The Bourne Supremacy Paid Off Russian Cops To Shoot The Moscow Car Chase With No Permit

In the years since the "Bourne" trilogy first burst onto the scene, a whole host of inferior imitators have made it easy to dismiss this gritty action franchise as a relic of its era — and, of course, the chief party responsible for the scourge of unintelligible shaky-cam thrillers that have followed in its wake. But when taken on their own merits and separated from all the surrounding noise, it becomes clear that these movies have continued to age tremendously well. Where some may see nothing but headache-inducing camerawork, choppy editing, and mindless violence, a closer look reveals the genius behind the overwhelming amounts of chaos involved in the production of the Matt Damon-starring action flicks.

Between frenzied shootout sequences, pulse-pounding and elaborately staged vehicular mayhem, and a healthy dose of paranoid thriller tropes that hearken back to the genre's heyday in the 1970s (think "The Parallax View," "Three Days of the Condor," or "The Conversation"), that sense of controlled chaos pervades all three original "Bourne" films ... but perhaps one film, more than any other, lives up to the true spirit of improvisation and accomplishing impossible feats embodied by Jason Bourne himself, the amnesiac black ops specialist with a talent for escaping trouble by the skin of his teeth.

Director Paul Greengrass' "The Bourne Supremacy" took that exact renegade energy and used it generously during the filming of the 2004 sequel, especially during times when doing so in Russia wasn't, strictly speaking, legal.

'We were going around Moscow, literally stealing shots'

How does a film crew achieve true verisimilitude while meeting the rigors of a complicated shoot head-on? It's simple, really: Cut a few corners when necessary with a mix of careful planning and, well, winging it. Jason Bourne's globetrotting mission in "The Bourne Supremacy" takes the assassin from the beaches of sun-scorched Goa, India, to the frostbitten streets of Moscow, Russia, the latter of which presented some of the biggest challenges faced by the production team. The climactic car chase set in Moscow pits Bourne in a stolen taxi against the villainous rival assassin Kirill (Karl Urban), who is responsible for murdering Marie (Franka Potente) earlier in the film.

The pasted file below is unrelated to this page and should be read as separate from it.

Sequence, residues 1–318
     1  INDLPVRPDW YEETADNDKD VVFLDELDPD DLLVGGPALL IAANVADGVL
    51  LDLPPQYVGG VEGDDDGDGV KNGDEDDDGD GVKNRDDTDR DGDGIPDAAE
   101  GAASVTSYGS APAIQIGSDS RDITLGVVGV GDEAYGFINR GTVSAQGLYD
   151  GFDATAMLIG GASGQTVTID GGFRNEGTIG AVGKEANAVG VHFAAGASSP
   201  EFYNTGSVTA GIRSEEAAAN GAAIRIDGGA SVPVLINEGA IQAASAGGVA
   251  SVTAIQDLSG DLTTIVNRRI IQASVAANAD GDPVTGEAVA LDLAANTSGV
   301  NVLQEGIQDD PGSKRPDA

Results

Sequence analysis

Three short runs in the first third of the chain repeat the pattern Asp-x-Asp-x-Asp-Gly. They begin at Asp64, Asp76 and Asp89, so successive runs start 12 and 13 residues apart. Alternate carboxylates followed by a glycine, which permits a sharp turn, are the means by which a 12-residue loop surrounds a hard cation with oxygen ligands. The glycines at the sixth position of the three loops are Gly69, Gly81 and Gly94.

In a retrospective with GQ, Urban revealed that the filming of this third act chase sequence required some underhanded tactics:

"That Moscow car chase, we shot a huge portion of it in Russia, we shot some of it in Berlin, but the Russian stuff was incredible. The production had to pay the local cops to shut off roads, so we could shoot it. For whatever reason, we didn't get the permit to shoot, so we were going around Moscow, literally stealing shots. We'd have one cop on a bike, and he would literally walk out into the street, hold his hand up, stop the traffic, and go, 'Okay, go.' And I'm in a seven series BMW and I'm flooring it, really sort of cowboy sort of stuff. But that's how we were getting the shots."

The quality of the end result certainly lives up to the lengths the crew had to go in order to pull off such stunts. Even better, Urban remarks that he did much of the driving himself. Keep that in mind the next time you fire up "The Bourne Supremacy."